Mentor MemoryShape Lawsuit Over Breast Implant-Associated ALCL Risk Cleared To Move Forward

A federal judge rejected a request by manufacturers to dismiss a Mentor MemoryShape lawsuit brought by a woman diagnosed with breast implant ALCL

A federal judge has cleared a Mentor MemoryShape lawsuit to move forward, involving claims that the breast implant design caused a woman to develop a rare form of cancer in the tissue surrounding the device, known as breast implant-associated anaplastic large cell lymphoma (BI-ALCL).

ALCL is a serious type of non-Hodgkin lymphoma linked to breast implants, which is often aggressive and may spread quickly if not diagnosed promptly. Researchers found that women with breast implants were 40 times more likely to develop the cancer, compared to women without implants, and there is growing evidence that certain designs carry a particularly high risk.

After a growing number of breast implant ALCL cases were identified several years ago, the FDA began requiring manufacturers to provide black box warnings designed to alert patients about the risk, and a number of manufacturers have faced breast implant cancer lawsuits brought by women who allege they may have avoided a diagnosis if proper warnings had been provided to users and the medical community about the ALCL risk.

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Breast Implant Lawsuits

Women may face a risk of Anaplastic Large Cell Lymphoma (ALCL) from certain breast implants.

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In July 2019, Lory D’Addario filed a complaint (PDF) in the U.S. District Court for the District of New Jersey, pursuing damages against Johnson & Johnson, Ethicon, Inc. and Mentor Worldwide, LLC, indicating she developed BIA-ALCL after being implanted with a Mentor MemoryShape breast implant in July 2015.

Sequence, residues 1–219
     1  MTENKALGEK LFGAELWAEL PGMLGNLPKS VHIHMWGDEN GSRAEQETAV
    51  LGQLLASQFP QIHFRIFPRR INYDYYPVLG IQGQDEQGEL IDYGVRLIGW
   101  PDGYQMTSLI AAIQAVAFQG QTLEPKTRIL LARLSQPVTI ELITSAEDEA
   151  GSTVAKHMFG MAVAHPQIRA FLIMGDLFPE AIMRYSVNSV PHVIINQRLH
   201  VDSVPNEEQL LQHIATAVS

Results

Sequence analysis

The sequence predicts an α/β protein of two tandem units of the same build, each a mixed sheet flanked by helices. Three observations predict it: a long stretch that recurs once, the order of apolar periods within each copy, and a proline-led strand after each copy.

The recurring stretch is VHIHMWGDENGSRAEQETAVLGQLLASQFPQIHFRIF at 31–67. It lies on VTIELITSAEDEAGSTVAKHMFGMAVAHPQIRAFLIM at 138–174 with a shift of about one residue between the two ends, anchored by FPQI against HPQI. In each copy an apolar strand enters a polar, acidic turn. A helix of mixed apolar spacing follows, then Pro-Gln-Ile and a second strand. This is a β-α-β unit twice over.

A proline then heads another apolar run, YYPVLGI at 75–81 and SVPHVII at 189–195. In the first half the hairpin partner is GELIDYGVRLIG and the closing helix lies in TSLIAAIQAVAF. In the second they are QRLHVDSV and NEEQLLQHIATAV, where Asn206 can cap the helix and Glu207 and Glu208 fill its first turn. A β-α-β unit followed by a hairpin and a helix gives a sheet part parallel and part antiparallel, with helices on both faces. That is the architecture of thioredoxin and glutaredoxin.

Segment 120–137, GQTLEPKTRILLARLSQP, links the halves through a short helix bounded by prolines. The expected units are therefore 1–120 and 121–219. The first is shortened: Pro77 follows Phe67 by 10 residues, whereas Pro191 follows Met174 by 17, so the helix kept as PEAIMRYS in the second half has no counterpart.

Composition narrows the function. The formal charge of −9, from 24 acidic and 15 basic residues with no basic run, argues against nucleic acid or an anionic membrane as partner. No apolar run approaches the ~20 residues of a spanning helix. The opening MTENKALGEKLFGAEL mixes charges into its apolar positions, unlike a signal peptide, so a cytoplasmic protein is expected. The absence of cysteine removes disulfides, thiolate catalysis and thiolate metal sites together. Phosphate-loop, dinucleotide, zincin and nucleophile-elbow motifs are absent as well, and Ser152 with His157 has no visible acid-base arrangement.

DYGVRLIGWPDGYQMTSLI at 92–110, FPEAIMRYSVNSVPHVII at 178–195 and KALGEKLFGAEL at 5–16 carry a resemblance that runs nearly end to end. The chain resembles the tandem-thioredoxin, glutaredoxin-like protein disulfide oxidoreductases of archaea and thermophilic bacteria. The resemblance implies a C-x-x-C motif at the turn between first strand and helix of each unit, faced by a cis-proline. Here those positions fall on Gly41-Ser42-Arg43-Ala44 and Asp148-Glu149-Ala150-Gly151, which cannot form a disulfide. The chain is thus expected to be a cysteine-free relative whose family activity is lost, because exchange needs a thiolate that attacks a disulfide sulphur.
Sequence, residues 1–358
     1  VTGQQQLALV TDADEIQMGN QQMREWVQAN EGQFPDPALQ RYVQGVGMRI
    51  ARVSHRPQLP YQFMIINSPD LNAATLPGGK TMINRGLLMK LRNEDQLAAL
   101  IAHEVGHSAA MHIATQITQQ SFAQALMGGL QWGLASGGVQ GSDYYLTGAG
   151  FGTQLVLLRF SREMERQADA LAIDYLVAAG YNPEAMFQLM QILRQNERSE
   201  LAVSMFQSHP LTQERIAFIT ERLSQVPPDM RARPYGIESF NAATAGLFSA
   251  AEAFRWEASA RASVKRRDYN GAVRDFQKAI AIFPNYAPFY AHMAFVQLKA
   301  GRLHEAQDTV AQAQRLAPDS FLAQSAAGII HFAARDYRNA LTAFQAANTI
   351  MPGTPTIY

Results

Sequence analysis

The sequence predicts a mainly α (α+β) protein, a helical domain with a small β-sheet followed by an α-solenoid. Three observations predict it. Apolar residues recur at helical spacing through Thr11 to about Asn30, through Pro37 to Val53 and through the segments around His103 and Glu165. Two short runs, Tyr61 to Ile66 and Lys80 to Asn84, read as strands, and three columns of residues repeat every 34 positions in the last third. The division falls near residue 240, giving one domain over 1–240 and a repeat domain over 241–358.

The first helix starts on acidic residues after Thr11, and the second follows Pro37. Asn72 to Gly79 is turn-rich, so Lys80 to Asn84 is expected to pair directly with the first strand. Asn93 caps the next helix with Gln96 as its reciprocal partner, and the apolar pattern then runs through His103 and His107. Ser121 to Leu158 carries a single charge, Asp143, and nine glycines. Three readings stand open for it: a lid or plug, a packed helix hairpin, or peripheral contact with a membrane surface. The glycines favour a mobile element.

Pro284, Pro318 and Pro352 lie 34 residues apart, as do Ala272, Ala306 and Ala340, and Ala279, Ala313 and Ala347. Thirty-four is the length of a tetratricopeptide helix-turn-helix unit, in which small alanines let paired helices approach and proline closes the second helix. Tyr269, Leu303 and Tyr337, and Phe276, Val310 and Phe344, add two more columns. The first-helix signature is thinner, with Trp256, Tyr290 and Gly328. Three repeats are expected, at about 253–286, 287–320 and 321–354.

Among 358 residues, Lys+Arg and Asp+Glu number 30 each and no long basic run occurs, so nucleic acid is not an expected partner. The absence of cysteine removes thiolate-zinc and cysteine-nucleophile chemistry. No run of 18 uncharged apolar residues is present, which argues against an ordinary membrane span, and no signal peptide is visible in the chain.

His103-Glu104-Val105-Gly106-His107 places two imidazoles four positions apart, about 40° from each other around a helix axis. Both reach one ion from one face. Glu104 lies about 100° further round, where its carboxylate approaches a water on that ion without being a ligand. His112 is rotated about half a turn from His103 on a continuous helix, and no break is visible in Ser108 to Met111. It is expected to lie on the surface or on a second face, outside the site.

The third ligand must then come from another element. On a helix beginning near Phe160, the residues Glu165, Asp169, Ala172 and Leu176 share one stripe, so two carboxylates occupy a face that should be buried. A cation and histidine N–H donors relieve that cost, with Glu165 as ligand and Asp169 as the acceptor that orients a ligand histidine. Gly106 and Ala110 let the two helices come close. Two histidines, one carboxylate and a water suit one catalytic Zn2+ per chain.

After her 2017 diagnosis, she underwent bilateral implant removal surgery and a total capsulectomy.

The lawsuit claims the defective design and manufacturing of the Mentor breast implant were responsible for the development of the cancer, claiming the company did not properly sterilize the implants before shipping them to hospitals.

Defendants sought to have the lawsuit dismissed, based on statements by D’Addario indicating there was a label warning on the implant, including BIA-ALCL, but says the label was never given to her doctor. They also sought to dismiss the claim on federal preemption grounds.

However, an unpublished opinion (PDF) by U.S. District Judge Zahid Quraishi on January 18 determined that D’Addario’s lawsuit can proceed, denying the motion to dismiss.

Judge Quraishi indicated her claims applied to state laws that were parallel to the FDA’s laws, thus causing no conflict between the two to allow for preemption claims. He noted plaintiff’s claims included allegations that the manufacturers had failed to remove debris from the silicon shells.

“This manufacturing defect caused an uncontrolled and unintended increase in the surface area of the implants and expanders and left residual manufacturing material on the Siltex surfaces, which led directly to Plaintiffs’ harm,” his opinion states. “Plaintiffs have therefore plausibly pled the product was defective and that the defect existed when the product left the manufacturer’s control.”

BioCell Breast Implant Associated ALCL Recall Lawsuits

While this lawsuit focuses on the Mentor MemoryShape breast implant, most breast implant ALCL lawsuits have focused on Allergan, Inc. and it’s macrotextured Biocell breast implant line.

In response to concerns about the ALCL risk associated with certain Allergan Biocell implants featuring a textured surface design, a massive breast implant recall was issued in 2019, after the FDA determined the design was linked to nearly all known cases of BIA-ALCL.

In mid-2020, the FDA reported it was aware of at least 733 breast implant-associated ALCL cases, leading to the rapid adoption of the term BIA-ALCL to describe the diagnosis. Since then, the number of diagnosed cases has risen rapidly.

There are currently more than 1,000 Allergan breast implant ALCL lawsuits pending in the federal court system, each raising similar allegations that the textured design was unreasonably dangerous and defective.

2 Comments

  • AngelaMarch 7, 2024 at 2:58 pm

    I have read the same they will replace but not remove. I have not been diagnosed yet with any cancers however I have bilateral breast implant illness and autoimmune. I want an explant with capsulectomy and avoid the next illness of the rare cancer associated from my 2015 silicone implants.

  • LauraJune 20, 2023 at 10:41 pm

    I called Mentor about implant removal surgery asking what they cover due to the recalls and complications. I was told that their warranty covers up to 10 years if rupture is confirmed by an MRI. Since it’s over 10 years, they would replace the ruptured implants but not the surgery. Thay did not even acknowledge the association & being a direct cause of BI-ALCL.

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